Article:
Manufacturing is dominated by industries such as agro-processing, automotive, chemicals, information and communication technology, electronics, metals, textiles, clothing and footwear. Below is a very brief snapshot of these industries.
This industry spans the processing of freshwater aquaculture and mariculture, exotic and indigenous meats, nuts, herbs and fruit. It also involves the production and export of deciduous fruit; production of wines for the local and export market; confectionary manufacturing and export; and the processing of natural fibres from cotton, hemp, sisal, kenaf and pineapple.
World-class infrastructure, counter-seasonality to Europe, vast biodiversity and marine resources, and competitive input costs make the country a major player on the world’s markets.
The automotive industry is one of South Africa’s most important sectors, with many of the major multinationals using South Africa to source components and assemble vehicles for both the local and international markets. The sector accounts for about 12% of South Africa’s manufacturing exports.
In 2013, the DTI introduced the Automotive Production Development Programme (APDP) aimed at increasing the volume of cars manufactured in South Africa to 1.2-million annually by 2020 as well as to diversify the automotive components chain. The National Association of Automobile Manufacturers (NAAM) said production will rise from 2014 onward because of the APDP.
According to NAAM, average industry employment figures rose by 441 jobs in the third quarter of 2013, therefore bringing the total to 30 344 positions within the industry.
South African chemical companies have only recently begun to focus on the need to be internationally competitive. The industry is the largest of its kind in Africa. It is highly complex and widely diversified, with end products often being composed of a number of chemicals that have been combined in some way.
In 2013, the sector was South Africa’s fourth-largest employer with 200 000 jobs and contributed about 5% to the country’s GDP.
Information and communications technology
The South African information and communication technologies (ICT) sector is the largest and most advanced in Africa, and is characterised by technology leadership, particularly in the field of mobile software and electronic banking services.
With a network that is 99.9% digital and includes the latest in wireless and satellite communication, the country has the most developed telecoms network in Africa. Export growth and internationalisation of South African companies is supported by the Department of Trade and Industry via the South African Electrotechnical Export Council (SAEEC).
According to the SAECC, the South African ICT market is estimated at US$ 42.6-billion (R468.4-billion) in 2013 with IT accounting for US$ 15.08-billion (R164-billion) and communications US$ 27.18-billion (R297.4-billion). The sector contributes approximately 8.2% to South Africa’s GDP.
Several international corporates, recognised as leaders in the IT sector, operate subsidiaries from South Africa, including IBM, Unisys, Microsoft, Intel, Systems Application Protocol (SAP), Dell, Novell and Compaq.
South Africa’s large, well-developed metals industry, with vast natural resources and a supportive infrastructure, represents roughly a third of all South Africa’s manufacturing. It comprises basic iron ore and steel, basic non-ferrous metals and metal products. The industries involve the manufacture of primary iron and steel products from smelting to semi-finished stages.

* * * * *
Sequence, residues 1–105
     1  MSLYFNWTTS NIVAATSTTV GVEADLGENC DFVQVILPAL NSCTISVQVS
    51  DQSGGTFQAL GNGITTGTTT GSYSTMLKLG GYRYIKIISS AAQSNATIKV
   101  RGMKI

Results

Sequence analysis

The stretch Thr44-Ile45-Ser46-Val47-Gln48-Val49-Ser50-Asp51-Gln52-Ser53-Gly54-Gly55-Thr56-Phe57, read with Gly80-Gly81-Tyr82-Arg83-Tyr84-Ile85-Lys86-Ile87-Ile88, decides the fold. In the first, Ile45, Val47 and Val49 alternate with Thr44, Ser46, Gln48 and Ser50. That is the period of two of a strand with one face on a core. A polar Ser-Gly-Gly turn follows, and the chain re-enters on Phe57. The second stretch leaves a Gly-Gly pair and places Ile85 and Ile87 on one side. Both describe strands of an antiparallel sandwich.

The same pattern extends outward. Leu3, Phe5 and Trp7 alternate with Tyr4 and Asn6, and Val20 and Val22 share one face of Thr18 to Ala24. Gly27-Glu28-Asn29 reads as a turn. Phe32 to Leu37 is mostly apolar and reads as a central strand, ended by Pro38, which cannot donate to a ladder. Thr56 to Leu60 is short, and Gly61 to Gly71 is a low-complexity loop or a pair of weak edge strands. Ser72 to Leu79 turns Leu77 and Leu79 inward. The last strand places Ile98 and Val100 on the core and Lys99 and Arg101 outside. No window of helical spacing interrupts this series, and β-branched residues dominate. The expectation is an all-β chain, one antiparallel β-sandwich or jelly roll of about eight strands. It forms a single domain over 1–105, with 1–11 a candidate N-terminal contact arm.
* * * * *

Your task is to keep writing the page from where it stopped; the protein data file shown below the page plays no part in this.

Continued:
Primary steel products and semi-finished products include billets, blooms, slabs, forgings, reinforcing bars, railway track material, wire rod, seamless tubes and plates. This industry is a significant contributor to the economy and earns considerable amounts of valuable foreign exchange.
South Africa ranks 21st among the crude-steel producing countries in the world, producing around 1% of the world’s crude steel. It is also the largest steel producer in Africa, responsible for more than half of the total crude steel production of the continent. South Africa’s steel production bucked the global trend in 2013, increasing by 4.1%, from 6.9-millioon tonnes a year to 7.2-million tonnes. Of that amount, the South African Iron and Steel Institute stated that 1.74-million tonnes of primary steel products were exported.
South Africa’s non-ferrous metal industries comprise aluminium and other metals (including copper, brass, lead, zinc and tin). Aluminium is the largest sector but, as South Africa has no commercially exploitable deposits, feedstock is imported. Other non-ferrous metals have a lesser role, but are still important for exports and foreign exchange earnings.
Textiles, clothing and footwear
In 2013, textiles and clothing accounted for about 14% of manufacturing employment and represented South Africa’s second largest source of tax revenue. The textile industry is the most cost-effective way of creating jobs.
Owing to technological developments, local textile production has evolved into a capital-intensive industry, producing synthetic fibres in ever-increasing proportions. The apparel industry has also undergone significant technological change and has benefited from the country’s sophisticated transport and communications infrastructure.
With the US’ African Growth and Opportunity Act (Agoa) set to be renewed in 2015, the textile industry is set to benefit even more than before, but still remains vulnerable to cheap imports. Government’s rescue plan for the textile and clothing industry has done exceptionally well to recover the industry in recent years and is in the best position it has been in a last decade.
For the full article go to the Media Club South Africa website.